The impending cancellation of this season's NHL Winter Classic should come as no surprise to those who have followed the labor negotiations (or lack thereof) between the NHL and NHLPA since the start of the lockout back in mid-September.
But it's still a tremendous disappointment, particularly for fans north of the border who have been eagerly anticipating the inclusion of a Canadian team in the NHL's hottest showcase since its inception back in 2008.
The New Year's Day game, which is scheduled to be held at Michigan Stadium, is supposed to be the first of six Winter Classics to feature a Canadian club, with the Toronto Maple Leafs facing off against the host Detroit Red Wings.
While the Winter Classic has been an instant success and a ratings hit in the United States for the NHL, it hasn't quite been that way in Canada, where fans have been mostly lukewarm to the event due to its lack of Canadian participants.
Last season's Winter Classic between the Philadelphia Flyers and New York Rangers drew just 1.13 million viewers on CBC - the second-lowest total in the game's brief history.
While the 2013 event would give Canadian fans plenty more reasons to tune in - even if it does feature a team in the Maple Leafs that many across the country seem to love to hate - the real intrigue of the event would be to see if a Canadian team delivers strong ratings down south.
A successful showing by the Maple Leafs in the 2013 Winter Classic in television numbers - both for the game itself and the HBO "24/7" series which follows the participating teams leading up to the contest - could potentially open doors for future Canadian teams.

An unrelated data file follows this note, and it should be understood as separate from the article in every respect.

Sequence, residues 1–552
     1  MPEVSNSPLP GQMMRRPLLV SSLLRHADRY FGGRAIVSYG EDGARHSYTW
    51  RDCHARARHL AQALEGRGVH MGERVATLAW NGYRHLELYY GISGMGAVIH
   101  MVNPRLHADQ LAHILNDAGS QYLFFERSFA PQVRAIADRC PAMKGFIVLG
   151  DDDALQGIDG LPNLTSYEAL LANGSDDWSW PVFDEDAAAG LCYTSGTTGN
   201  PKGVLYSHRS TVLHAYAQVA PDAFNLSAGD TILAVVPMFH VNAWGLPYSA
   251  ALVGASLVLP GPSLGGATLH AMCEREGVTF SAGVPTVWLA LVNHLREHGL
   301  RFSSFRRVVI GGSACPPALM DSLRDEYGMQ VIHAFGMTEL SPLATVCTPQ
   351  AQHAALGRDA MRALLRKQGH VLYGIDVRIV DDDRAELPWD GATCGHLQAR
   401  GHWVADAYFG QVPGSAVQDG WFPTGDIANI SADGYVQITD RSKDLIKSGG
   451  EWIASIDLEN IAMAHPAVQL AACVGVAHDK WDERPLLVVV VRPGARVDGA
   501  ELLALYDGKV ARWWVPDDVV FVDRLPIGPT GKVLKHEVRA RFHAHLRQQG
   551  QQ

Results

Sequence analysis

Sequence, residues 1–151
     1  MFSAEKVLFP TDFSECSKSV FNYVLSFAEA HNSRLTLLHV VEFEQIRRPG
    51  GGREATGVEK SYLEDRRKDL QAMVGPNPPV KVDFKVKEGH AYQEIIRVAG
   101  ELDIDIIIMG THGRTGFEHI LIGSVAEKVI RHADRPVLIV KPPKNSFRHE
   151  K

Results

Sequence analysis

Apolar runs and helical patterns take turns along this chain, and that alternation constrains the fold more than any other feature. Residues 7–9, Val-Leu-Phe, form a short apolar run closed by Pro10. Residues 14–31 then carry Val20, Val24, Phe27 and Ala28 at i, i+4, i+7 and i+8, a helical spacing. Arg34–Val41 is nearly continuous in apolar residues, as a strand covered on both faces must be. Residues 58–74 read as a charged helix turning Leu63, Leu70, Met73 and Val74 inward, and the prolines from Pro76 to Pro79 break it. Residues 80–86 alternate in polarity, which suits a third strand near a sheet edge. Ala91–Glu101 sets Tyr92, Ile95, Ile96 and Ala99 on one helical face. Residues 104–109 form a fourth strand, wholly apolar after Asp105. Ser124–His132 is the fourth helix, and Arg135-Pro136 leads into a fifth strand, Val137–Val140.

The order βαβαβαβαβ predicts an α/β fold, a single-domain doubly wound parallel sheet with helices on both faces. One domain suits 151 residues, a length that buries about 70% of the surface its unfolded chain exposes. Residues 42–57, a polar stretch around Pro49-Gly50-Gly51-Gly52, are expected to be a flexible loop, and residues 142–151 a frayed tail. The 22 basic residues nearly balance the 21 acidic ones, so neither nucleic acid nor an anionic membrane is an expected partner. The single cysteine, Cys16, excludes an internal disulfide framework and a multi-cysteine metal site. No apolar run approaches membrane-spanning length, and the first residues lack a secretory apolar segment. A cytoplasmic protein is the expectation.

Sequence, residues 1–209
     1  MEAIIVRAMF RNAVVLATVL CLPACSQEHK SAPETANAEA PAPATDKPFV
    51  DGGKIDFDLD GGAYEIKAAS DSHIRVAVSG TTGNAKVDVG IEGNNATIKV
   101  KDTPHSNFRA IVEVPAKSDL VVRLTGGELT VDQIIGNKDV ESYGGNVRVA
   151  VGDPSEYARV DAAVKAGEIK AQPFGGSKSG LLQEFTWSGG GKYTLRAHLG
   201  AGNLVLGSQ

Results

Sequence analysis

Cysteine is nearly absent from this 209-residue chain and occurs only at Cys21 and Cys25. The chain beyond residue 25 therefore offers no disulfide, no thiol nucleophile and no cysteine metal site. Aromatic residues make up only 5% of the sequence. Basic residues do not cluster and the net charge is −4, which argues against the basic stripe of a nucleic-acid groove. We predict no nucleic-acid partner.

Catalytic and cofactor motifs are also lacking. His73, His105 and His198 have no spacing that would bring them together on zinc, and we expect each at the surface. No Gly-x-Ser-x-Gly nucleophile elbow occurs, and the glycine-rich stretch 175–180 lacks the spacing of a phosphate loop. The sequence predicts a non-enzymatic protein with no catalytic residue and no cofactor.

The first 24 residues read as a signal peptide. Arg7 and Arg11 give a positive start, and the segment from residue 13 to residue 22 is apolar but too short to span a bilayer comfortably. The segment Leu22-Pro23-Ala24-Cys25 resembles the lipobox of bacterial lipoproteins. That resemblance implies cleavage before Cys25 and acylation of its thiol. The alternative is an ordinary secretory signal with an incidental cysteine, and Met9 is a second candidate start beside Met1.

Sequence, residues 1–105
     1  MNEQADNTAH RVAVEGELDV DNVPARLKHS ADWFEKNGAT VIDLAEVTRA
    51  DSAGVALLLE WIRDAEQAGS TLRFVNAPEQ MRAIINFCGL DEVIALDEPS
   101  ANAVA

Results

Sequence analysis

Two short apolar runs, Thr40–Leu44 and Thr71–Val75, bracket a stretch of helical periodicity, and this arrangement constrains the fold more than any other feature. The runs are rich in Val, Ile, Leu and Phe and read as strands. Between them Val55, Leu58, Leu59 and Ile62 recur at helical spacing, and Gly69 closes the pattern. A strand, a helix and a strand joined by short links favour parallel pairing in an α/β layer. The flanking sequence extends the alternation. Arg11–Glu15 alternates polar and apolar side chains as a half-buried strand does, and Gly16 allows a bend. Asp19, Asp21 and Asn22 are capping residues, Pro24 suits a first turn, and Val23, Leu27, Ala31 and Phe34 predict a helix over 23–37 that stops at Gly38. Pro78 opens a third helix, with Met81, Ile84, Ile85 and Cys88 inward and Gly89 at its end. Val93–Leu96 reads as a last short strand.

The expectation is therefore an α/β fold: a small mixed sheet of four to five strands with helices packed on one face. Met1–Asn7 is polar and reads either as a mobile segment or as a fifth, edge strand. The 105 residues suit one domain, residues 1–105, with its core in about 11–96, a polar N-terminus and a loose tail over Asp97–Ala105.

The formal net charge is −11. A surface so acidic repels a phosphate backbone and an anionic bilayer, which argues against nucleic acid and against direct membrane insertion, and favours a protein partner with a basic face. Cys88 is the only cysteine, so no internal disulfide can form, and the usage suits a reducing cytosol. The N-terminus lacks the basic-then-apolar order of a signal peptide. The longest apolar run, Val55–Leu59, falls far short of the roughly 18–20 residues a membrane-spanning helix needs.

You would figure that, if and when the NHL finally gets its business in order and gets back to playing games, the Leafs would have first crack among Canadian teams to participate in a future Winter Classic. But whether that happens as soon as 2014 - assuming the league has the ability during its on-going squabble with the NHLPA to set up and plan for an event by then - is uncertain.
Given the damage to the NHL product that the current lockout has already inflicted, the NHL might just try to appease its fans and sponsors south of the border by returning to a tried-and-true formula when they get around to holding the next Winter Classic, meaning a return to an all-American team format.
That would likely mean relegating any Canadian teams interested in taking part in an outdoor game to the Heritage Classic, the event which kicked off this recent trend of outdoor hockey games back in 2003 in Edmonton, but has since been held only once in 2011 in Calgary in the shadow of the Winter Classic.
The NHL has already made plenty of losers thanks to its lockout and the Maple Leafs and their fans just happen to be the latest victims. In this case, however, the repercussions could have much longer lasting effects particularly for those who may have hoped that Canadian NHL teams might one day be a regular participant in the Winter Classic.
What was already a long-shot hope of having Canadian teams being regularly considered for participation in the Winter Classic looks like it's about to get even further away from becoming a reality.